Global Financial Crisis and the Link Between the Monetary and Real Sector: Moving Beyond the Asset-Backed Islamic Finance  Author: Mohammad Omar Farooq
Source: Proceeding of the 20th Annual Islamic Banking Seminar, Iran Banking Institute September 2009

A major factor behind this crisis is financialization of the system, with a growing disconnect between the monetary and the real sector. Some proponents of the Islamic finance claim such financial crisis would have been avoided, if asset-backed Islamic finance were adopted. However, while Islamic finance in form and legality is asset-backed at the micro-juristic level, it is still largely delinked from real sector at the macro level. This paper articulates the need for Islamic finance to be better embedded in the reality of the real sector and be more effective to achieve the broader economic goals that it proclaims to pursue.

The Challenge of Poverty and the Poverty of Islamic Economics  Author: Mohammad Omar Farooq
Source: Journal of Islamic Economics, Banking and Finance, Vol. 4, No. 2, 2009, pp. 35-58

In the past half century Islamic economics was eclipsed by Islamic finance movement. Gradually Islamic economics has taken a back seat without any economy to back it up empirically. Although Islamic finance emerged as an offshoot of Islamic economics and with the blessing and advocacy from Islamic economists, prevailing patterns of Islamic finance are markedly delinked from any broader developmental goals. Can Islamic economics step up to the challenge of poverty, or is Islamic economics itself suffering from poverty of substance? Those are the questions dealt with in this exploratory paper.

*Islamic Banks and Wealth Creation  Author: Abdul Ghafar Ismail
Source: International Shari’ah Research Academy for Islamic Finance (ISRA), Research Paper (No: 9/2010)

This paper aims to examine how Islamic banks create wealth: how customers as depositors invest their money through the banks; how the banks invest the funds at their disposal; and how economic agents such as individuals, firms and government use these funds. It also examines how this money generates profit, which is then distributed to Islamic banks and depositors, and hence preserves and develops the wealth (mal) of economic agents. It also raises the larger question of whether Islamic banks contribute to the well-being of society by focusing on return to depositors and to shareholders.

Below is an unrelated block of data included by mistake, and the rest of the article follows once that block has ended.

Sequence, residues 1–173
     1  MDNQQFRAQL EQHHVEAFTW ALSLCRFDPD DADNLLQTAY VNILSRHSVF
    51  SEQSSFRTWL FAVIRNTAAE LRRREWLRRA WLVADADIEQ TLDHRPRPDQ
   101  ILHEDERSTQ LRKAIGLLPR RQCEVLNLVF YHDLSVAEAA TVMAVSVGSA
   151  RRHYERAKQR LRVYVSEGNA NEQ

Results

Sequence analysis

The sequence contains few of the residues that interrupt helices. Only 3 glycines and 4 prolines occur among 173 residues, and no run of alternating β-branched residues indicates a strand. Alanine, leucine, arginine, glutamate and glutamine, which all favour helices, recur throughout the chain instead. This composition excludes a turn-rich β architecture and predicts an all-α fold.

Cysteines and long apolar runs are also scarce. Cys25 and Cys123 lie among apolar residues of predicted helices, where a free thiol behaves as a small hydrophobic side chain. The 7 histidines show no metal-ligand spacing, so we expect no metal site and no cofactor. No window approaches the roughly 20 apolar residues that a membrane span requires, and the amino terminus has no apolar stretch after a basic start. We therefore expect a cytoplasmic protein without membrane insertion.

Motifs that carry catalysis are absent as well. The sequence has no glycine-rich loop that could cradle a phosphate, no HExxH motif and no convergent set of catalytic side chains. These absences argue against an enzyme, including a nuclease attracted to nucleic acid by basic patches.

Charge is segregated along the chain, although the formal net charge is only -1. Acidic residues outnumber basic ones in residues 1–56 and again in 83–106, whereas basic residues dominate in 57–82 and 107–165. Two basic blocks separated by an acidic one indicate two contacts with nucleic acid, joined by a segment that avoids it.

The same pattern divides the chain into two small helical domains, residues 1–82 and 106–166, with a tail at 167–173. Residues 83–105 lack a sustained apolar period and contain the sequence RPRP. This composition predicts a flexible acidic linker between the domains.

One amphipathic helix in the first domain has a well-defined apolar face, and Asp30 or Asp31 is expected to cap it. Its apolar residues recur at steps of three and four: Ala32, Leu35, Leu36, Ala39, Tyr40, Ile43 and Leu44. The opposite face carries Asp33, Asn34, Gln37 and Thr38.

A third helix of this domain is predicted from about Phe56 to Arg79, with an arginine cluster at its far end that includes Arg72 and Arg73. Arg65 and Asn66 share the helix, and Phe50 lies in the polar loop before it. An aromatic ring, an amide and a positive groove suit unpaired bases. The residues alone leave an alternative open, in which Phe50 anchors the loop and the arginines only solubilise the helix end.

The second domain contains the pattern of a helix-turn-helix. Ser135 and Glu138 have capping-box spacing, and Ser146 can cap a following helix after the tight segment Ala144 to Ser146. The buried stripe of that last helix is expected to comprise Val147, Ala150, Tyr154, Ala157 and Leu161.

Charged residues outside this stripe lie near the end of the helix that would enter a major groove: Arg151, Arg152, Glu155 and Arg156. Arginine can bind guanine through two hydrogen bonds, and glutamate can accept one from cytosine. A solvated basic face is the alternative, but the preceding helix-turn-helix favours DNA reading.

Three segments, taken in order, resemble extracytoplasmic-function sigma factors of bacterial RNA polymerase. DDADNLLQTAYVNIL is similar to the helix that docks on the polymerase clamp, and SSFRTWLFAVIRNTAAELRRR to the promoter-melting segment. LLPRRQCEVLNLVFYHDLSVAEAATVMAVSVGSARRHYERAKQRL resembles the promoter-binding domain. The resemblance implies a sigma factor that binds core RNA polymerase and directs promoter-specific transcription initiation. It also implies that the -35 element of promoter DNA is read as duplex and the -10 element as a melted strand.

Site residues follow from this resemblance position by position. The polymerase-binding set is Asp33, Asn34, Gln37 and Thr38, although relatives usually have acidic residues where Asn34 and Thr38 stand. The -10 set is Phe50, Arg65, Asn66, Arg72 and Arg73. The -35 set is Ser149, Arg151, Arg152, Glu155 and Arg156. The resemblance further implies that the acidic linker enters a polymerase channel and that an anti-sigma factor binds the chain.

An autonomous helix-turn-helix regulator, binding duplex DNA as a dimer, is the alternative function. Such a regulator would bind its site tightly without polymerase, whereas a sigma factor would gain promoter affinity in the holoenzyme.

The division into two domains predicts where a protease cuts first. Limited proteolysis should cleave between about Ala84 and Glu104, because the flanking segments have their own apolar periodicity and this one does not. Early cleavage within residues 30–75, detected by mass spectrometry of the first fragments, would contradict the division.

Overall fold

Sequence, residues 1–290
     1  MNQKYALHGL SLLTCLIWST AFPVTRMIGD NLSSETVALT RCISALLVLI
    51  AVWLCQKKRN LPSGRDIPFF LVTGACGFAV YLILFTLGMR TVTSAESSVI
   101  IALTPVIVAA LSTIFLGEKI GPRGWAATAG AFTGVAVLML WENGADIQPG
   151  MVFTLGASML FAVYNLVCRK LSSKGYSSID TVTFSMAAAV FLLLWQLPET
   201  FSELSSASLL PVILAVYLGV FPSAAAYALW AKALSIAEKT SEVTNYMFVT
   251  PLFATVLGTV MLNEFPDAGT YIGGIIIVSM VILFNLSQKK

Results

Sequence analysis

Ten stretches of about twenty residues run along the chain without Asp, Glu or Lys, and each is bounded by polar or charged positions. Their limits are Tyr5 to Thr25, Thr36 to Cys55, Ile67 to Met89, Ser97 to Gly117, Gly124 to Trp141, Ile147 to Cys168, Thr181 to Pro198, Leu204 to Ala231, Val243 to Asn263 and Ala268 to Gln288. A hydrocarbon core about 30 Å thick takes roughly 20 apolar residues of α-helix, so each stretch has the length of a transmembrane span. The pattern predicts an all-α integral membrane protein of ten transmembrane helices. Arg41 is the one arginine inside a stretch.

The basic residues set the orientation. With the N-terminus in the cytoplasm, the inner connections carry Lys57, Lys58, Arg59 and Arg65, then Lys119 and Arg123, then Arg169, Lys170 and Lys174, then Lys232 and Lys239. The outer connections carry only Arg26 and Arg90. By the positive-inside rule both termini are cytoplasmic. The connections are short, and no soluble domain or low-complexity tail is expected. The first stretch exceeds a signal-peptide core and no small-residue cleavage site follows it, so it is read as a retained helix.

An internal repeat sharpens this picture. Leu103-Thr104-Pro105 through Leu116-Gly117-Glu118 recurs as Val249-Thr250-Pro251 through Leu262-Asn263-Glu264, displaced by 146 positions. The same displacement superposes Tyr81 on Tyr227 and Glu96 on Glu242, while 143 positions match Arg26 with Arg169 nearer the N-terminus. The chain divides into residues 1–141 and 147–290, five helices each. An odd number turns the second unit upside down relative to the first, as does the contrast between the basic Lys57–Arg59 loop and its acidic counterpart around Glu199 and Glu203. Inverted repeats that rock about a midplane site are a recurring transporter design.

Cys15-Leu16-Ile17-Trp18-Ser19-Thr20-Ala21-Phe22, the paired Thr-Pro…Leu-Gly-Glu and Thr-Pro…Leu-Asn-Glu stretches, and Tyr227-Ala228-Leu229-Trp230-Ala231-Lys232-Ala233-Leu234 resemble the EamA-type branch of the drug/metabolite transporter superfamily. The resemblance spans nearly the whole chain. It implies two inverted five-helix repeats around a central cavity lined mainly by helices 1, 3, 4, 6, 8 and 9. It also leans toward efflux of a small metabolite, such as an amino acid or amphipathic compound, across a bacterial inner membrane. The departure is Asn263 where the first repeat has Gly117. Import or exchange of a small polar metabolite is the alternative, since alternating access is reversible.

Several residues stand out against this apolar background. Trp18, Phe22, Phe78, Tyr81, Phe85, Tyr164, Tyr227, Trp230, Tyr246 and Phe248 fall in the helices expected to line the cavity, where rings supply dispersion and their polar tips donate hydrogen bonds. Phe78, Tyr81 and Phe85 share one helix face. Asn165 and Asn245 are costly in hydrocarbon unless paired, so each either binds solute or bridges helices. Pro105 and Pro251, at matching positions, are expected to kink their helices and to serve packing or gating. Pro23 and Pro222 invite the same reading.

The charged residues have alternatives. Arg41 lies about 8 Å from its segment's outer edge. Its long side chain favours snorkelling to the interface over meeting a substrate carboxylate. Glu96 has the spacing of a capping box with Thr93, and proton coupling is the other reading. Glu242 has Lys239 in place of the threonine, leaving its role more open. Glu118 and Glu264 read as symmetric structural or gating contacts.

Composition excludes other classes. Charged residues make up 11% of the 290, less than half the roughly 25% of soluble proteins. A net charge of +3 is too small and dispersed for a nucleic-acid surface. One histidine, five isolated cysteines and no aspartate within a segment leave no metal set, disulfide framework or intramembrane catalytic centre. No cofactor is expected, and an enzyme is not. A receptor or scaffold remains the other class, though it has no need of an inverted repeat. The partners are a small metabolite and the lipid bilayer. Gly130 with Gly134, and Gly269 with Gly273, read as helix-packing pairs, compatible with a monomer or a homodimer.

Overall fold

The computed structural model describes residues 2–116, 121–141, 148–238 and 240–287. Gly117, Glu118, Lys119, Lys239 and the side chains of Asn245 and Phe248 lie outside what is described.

*The Framework of Maqasid al-Shari'ah (Objectives of the Shari'ah) and its Implications for Islamic Finance  Author: Asyraf Wajdi Dusuki, Said Bouheraoua
Source: International Shari’ah Research Academy for Islamic Finance (ISRA), Research Paper (No: 22/2011)

This article examines the concept of maqasid al-Shari'ah in Islamic jurisprudence in order to highlight its contribution to more comprehensive, rational and realistic answers to contemporary financial issues and to thereby increase awareness of the maqasid approach in structuring and developing Islamic finance products. For this purpose, the authors examine the literal and technical meanings of maqasid al-Shari'ah and scrutinise the position of the concept in Islamic law. They also present the essential elements of maqasid al-Shari'ah and explain how this approach may contribute to better solutions for various Islamic finance issues and challenges. Islamic finance has experienced phenomenal growth and success in the last three decades. It has expanded beyond its traditional markets to become a global phenomenon. Despite this encouraging development, skeptics continuously allege that Islamic finance is failing to fulfill its objectives as defined by the maqasid al-Shari'ah. These objectives, which prevail within the ambit of the Shari'ah, are to be expressed not only in the minutiae of Islamic finance operations but in the breadth of Islamic finance’s role to the Ummah as a whole. Indeed maqasid al-Shari'ah reflects the holistic view of Islam, which has to be looked at as a whole, not in parts, for Islam is a complete and integrated code of life, and its goals encompass all of life, including the individual and society, in this world and the hereafter.

*Maqasid al-Shari'ah and Islamic Financial Products: A Framework for Assessment  Author: Habib Ahmed
Source: ISRA International Journal of Islamic Finance, Vol. 3, Issue 1, 2011, pp. 151-160

Contemporary practice of Islamic finance has been criticised for not fulfilling the maqasid. The debate surrounding the practice of Islamic finance has led to the distinction between Shari'ah-compliant and Shari'ah-based Islamic products. However, there are no clear definitions as to what these terms entail. Whereas some scholars assert that Shari'ah-compliant and Shari'ah-based products are the same, there is a need to distinguish between different nuances of Islamic finance in terms of legal and social Shari'ah requirements. In this research note (note), an objective way of classifying categories of Islamic financial products is suggested. In particular, the legal and social Shari'ah requirements implied in the maqasid are used to classify Islamic financial products as Shari'ah-based, Shari'ah-compliant and pseudo-Islamic. The note also identifies the role of different stakeholders in choosing the types of products.

*Copyrighted publications of ISRA